With their beautiful feathers, plucky personalities and tasty eggs, who wouldn’t love chickens? Before I got my ‘girls’, I envisioned them roaming over my garden, gently pulling weeds from amongst my flowers while gentle music played. Well, maybe not the music. The reality turned out to be much more earthy.
Chickens do eat weeds. They also eat vegetables, herbs, flowers, both perennials and annuals, and all living creatures smaller than themselves. They turn over the soil looking for insects and worms, which aerates the soil but can disturb plant roots. And chickens love to take baths. Not ones with soap and water, but dirt baths. The first time I observed this, I thought my chicken was dead. She was lying half on her side in a slight depression with dirt on and around her. They do this to rid themselves of mites and to find cooler soil, particularly under a shrub, on a hot day. Needless to say, they dig among the roots of the plant.
Fencing makes keeping chickens and gardening more compatible. Either letting the chickens roam in a limited area defined by temporary wire fencing or fencing off areas of the garden that must be kept chicken free. Some gardeners let their chickens roam in the vegetable garden area during the winter, letting them turn over the soil and deposit rich droppings that enrich the soil for the coming growing season.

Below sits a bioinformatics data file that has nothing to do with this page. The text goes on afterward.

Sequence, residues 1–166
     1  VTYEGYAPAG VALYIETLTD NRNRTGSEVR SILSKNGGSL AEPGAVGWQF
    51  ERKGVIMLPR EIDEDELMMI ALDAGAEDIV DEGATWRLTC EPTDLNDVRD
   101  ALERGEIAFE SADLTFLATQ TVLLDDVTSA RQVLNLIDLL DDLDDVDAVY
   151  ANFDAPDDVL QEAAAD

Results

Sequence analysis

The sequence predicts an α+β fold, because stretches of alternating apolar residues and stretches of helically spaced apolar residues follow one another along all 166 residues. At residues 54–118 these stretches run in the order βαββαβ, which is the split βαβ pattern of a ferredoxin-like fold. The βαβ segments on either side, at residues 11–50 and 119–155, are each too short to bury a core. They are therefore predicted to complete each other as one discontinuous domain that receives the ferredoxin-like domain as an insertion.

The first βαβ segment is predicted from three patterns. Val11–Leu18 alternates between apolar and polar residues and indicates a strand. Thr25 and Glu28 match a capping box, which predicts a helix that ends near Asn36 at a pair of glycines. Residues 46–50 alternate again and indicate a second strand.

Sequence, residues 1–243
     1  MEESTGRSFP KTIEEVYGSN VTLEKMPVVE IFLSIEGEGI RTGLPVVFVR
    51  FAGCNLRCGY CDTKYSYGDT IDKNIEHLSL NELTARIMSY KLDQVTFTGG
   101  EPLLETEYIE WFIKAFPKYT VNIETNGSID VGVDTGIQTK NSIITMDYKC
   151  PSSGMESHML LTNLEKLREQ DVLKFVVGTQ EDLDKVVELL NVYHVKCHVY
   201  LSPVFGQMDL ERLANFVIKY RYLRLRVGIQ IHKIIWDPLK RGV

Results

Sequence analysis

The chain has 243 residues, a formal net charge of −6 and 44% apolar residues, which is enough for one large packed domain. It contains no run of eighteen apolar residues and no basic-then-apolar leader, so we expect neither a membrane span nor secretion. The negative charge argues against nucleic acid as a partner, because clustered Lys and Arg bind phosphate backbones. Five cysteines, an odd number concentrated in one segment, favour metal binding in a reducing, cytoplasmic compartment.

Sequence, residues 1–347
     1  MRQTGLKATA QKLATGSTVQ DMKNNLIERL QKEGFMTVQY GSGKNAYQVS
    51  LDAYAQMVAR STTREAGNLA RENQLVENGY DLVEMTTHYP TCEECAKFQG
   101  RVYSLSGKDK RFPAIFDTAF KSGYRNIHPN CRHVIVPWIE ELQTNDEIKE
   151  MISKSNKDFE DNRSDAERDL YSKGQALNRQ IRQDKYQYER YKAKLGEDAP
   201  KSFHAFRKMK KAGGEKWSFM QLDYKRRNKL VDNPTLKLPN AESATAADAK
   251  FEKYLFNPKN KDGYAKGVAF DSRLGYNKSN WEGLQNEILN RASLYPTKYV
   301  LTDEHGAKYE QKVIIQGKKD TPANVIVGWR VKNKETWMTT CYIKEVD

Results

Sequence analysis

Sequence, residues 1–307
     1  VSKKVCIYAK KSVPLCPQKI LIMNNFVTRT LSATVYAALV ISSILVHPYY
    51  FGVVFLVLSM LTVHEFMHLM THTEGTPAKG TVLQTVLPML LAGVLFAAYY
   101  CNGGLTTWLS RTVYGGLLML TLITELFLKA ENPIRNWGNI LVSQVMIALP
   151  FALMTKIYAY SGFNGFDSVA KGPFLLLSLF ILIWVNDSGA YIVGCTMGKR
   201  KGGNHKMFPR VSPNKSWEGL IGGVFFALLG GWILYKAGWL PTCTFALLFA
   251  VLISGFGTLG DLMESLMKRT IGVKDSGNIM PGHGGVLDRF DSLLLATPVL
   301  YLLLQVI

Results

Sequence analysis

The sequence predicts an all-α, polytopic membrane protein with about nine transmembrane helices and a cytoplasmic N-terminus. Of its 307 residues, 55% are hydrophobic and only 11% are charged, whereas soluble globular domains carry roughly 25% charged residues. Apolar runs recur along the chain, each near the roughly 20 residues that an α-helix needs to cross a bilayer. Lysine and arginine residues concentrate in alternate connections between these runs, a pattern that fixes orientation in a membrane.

My chickens are no longer free range. Living outside the city, we have a healthy population of predators. The chicken coop itself was built using ¼ inch screening instead of larger chicken wire. Placing it under, around, and above the coop has kept anything from digging, climbing or crawling through. The only intruder has been a bear that ripped the door off to reach the sweet-smelling chicken feed. That day the chickens roamed free.
While roaming in the garden, Vesta and Lucille, two of my first three chickens, were eaten by hawks. The last, Walline, lonely on her own, went to live with a chicken-keeping friend. My next three, cumulatively called the girls, are not allowed outside the coop. Although it has been several years since the first batch met their fate, the hawks still patrol our property daily.
Our chicken coop floor is lined with a thick layer of pine bark mulch that is changed every few weeks. The smaller hen house, the elevated enclosed part of the coop where the chickens lay eggs and roost at night, is lined with wheat straw, which is changed daily. Rich with chicken droppings, this goes into our compost pile along with green yard and kitchen waste. The chickens’ greatest gift to our garden is their manure that helps produce rich compost that builds great soil.
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Written by Lorraine Cipriano